DePauw University plans to eliminate 56 full-time administrative positions and 17 part-time jobs as part of a restructuring at the private university in Greencastle.
A letter sent Tuesday to “Members of the DePauw Community” from school President D. Mark McCoy and Board of Trustees Chairwoman Kathy Patterson Vrabeck said university officials decided employment levels at the college were not financially sustainable.
Fifteen of the full-time positions and two of the part-time jobs being cut are already vacant, the letter said.
In a separate letter sent to faculty, McCoy said the board has spent several months reviewing data that compare DePauw “with university peers around the country who are operating at a balanced budget or surplus.”
DePauw, he said, has 125 more employees, on average, than those peer universities.
McCoy and Vrabeck said no faculty or academic programs were being eliminated, but the school does plan to offer a voluntary retirement incentive plan to faculty and make changes to the sabbatical program.
“Although restructuring is the right and necessary decision, it was not an easy one,” McCoy said. “We realized, however, that by acting now we are able to provide substantial separation packages that are well above the industry norm for our valued staff, allow them a lengthy time to transition, and provide extensive resources to assist them.”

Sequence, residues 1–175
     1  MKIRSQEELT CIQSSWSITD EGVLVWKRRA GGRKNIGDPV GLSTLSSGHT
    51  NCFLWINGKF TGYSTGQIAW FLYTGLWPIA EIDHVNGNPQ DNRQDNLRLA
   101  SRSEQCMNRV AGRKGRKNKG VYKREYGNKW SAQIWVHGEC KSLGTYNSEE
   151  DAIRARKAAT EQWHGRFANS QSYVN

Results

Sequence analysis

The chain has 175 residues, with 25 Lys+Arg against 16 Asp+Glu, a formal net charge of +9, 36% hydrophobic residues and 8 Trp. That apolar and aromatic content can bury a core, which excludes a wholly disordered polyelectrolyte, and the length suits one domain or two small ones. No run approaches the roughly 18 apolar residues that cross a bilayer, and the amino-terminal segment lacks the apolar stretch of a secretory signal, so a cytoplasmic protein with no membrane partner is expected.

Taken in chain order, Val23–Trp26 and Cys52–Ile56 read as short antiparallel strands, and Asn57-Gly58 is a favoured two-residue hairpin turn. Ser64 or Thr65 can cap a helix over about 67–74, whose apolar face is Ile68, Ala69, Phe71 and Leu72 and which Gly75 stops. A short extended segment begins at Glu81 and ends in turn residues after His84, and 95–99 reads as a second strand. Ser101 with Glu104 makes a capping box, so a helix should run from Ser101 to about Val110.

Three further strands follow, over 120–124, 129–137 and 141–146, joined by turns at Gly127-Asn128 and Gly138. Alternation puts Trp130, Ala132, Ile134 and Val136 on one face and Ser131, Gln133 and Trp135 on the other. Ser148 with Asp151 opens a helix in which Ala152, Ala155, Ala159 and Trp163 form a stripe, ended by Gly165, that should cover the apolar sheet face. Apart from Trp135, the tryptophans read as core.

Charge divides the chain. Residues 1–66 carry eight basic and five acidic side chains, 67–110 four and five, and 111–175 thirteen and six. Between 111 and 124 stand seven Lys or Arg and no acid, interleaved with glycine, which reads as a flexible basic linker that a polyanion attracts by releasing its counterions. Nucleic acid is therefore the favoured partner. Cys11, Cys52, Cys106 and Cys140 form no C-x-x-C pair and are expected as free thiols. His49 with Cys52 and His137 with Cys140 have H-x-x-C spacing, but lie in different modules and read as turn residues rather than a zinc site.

McCoy said recently announced improvement initiatives at the university have increased the need to raise revenue.
The school is finalizing plans for new student housing, a library renovation, a campus energy master strategy, an endowed student leadership initiative and increased scholarship support.
DePauw, a four-year liberal arts college about 45 miles west of Indianapolis, has about 2,150 students and 228 faculty. The 182-year-old school has an annual budget of $155 million and an endowment $731 million.
Tuition, room board and fees at the university are listed at $62,724, but 58 percent of the students get need-based financial aid packages that average about $35,500.
DePauw was ranked 56th in the category of top national liberal arts colleges in the latest U.S. News Best Colleges rankings. The school said 97 percent of its 2018 graduates were in graduate school or in their first job within six months of graduation.
Many small universities are facing financial pressure. Moody's Investors Service reported in July that private college closures nationwide have increased to a rate of about 11 per year. That pace is expected to quicken in coming years.
Among recent closures was Saint Joseph’s College in Rensselaer, Indiana. The Catholic liberal arts school, founded in 1889, was forced to shut down in 2017, leaving some 1,100 students in the lurch.
The Moody’s report also said one in five small private colleges is under fundamental stress from falling tuition revenue and rising expenses.
With its $731 million endowment, DePauw would appear to be in better condition that many other small colleges.
Many small schools have only modest endowments, forcing them to be “tuition dependent” to remain operational. Anderson University, for example, which is undergoing a turnaround effort, has an endowment of just $36 million. Marian University in Indianapolis also has an endowment of about $36 million and the University of Indianapolis has endowment of $107 million.